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    Turkey’s evaporating competitive advantage

    Fatih Özatay, PhD06 August 2013 - Okunma Sayısı: 893

    Competitive advantage based on exchange rate proves temporary in the end turning into inflation and fading away shortly.

    Consumer price inflation (CPI) figures for July were released yesterday. Annual CPI reached 8.9 percent. The hike in the headline indicator (the l index) is particularly worrisome. The indicator floated within a narrow corridor over the last eight months averaging 5.7 percent while in July it reached 6.1 percent.

    From a different perspective, the CPI inflation is 1 percentage point higher than the average since 2006. But the CPI average since 2006 is 3 points above of the inflation target average over the same period. There is yet another link to the chain: even if the inflation targets had been fulfilled, this would not have given us a comparative cost advantage before our rivals in the export market, since their actual inflation rates are already lower than Turkey’s CPI targets.

    Looking from the other ends of the chain, Turkey’s inflation targets over the last eight years were not low when compared to its rivals in the export markets. So even if the targets had been met, this would not have brought Turkey a competitive advantage. Second, actual inflation rate on average in the same period was significantly above the target average. Third, currently inflation rate is floating above the average level in the previous seven years.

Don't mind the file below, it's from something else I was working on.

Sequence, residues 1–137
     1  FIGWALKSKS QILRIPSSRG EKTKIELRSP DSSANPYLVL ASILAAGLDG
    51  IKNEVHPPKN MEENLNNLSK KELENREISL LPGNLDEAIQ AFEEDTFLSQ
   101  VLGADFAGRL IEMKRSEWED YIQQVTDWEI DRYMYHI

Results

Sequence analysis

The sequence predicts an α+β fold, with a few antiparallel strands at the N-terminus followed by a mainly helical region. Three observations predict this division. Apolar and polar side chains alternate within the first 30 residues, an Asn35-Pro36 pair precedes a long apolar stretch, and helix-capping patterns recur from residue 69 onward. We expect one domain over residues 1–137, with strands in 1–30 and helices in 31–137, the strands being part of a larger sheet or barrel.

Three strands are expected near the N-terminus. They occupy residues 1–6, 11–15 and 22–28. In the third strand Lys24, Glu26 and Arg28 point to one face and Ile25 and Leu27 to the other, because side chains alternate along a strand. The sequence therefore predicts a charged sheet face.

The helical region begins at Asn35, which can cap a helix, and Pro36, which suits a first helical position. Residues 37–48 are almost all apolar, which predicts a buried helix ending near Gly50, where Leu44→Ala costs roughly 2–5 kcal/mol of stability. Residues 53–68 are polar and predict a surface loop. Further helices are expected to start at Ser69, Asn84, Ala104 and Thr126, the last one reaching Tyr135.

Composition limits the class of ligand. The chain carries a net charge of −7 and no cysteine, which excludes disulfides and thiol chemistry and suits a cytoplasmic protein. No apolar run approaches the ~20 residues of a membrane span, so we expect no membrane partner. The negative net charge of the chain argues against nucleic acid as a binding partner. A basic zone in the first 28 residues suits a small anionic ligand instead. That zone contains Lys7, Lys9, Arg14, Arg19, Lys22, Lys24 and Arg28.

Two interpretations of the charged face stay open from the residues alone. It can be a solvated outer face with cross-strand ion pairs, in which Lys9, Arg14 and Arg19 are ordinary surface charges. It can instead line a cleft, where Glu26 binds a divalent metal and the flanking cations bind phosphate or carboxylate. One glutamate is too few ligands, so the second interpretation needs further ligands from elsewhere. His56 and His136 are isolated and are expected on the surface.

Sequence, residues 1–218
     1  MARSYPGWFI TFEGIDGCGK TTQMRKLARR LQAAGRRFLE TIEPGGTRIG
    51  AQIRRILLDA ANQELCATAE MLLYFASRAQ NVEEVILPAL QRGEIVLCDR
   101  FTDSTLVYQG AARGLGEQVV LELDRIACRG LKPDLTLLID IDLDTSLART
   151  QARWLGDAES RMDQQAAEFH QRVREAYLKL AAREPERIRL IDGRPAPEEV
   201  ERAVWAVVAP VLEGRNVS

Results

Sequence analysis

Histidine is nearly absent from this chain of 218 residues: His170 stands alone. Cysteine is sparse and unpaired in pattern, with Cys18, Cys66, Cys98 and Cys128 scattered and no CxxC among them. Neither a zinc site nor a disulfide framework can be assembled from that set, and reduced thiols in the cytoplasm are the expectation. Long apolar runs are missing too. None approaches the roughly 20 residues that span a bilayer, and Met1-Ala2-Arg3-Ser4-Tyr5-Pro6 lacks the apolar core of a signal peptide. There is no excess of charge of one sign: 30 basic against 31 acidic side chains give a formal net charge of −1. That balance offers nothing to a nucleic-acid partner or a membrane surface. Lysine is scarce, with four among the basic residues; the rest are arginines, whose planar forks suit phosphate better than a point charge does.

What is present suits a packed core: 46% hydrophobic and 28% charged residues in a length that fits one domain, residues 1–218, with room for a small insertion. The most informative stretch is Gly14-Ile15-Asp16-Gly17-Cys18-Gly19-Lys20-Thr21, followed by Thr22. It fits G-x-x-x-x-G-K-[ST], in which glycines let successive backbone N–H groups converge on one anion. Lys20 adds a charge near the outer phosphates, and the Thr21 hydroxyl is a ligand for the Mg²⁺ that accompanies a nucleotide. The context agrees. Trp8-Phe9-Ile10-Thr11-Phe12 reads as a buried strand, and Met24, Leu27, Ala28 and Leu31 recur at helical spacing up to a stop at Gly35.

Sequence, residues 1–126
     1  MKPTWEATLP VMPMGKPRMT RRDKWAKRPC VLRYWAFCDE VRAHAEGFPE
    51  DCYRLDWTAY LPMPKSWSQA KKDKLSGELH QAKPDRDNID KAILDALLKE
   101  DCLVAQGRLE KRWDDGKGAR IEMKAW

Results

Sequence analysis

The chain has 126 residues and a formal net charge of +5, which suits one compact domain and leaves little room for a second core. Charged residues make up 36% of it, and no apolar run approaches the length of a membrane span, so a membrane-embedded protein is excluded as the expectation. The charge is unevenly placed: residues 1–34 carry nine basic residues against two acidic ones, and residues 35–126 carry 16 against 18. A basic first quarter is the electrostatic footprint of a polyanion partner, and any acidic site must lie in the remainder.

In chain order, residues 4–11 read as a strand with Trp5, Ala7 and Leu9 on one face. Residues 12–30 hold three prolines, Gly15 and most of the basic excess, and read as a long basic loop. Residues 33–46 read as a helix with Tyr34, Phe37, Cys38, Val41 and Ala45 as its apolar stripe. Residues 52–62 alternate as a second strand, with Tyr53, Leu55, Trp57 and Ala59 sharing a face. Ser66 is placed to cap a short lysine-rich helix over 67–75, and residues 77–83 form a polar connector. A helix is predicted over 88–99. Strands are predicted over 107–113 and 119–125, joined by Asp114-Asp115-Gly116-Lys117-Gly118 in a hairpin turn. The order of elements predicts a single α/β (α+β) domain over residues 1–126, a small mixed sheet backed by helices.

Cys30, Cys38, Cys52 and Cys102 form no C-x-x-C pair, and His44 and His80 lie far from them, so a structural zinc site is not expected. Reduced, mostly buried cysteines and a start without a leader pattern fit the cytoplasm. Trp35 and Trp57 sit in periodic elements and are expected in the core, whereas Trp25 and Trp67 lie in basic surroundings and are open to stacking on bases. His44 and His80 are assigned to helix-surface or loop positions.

Evidently this is not good. Turkey somehow fails in reducing inflation permanently to 5 percent level, which is in fact not very low at all. The difference between realized and targeted CPI inflation since 2006 when the explicit inflation targeting regime was launched demonstrates the issue succinctly (Figure 1).

    This phenomenon puts Turkey in a disadvantageous position against its rivals in export markets. To increase exports, Turkey tries to raise the exchange rate so that exports become cheaper for importers. However, the share of imported inputs in production is large and higher exchange rate means higher production costs. In short, any increase in exchange rate causes higher inflation. It is a vicious circle.

    What is more, this vicious circle might flame an odd economic debate. It might become a common view that those who draw attention to the inflationary effect of exchange rate increases think the level of exchange rate is insignificant for export performance. Definitely, no economist who studied in the field can be of this opinion. The problem is that competitive advantage based on exchange rate proves temporary in the end turning into inflation and fading away shortly.


    This commentary was published in Radikal daily on 06.08.2013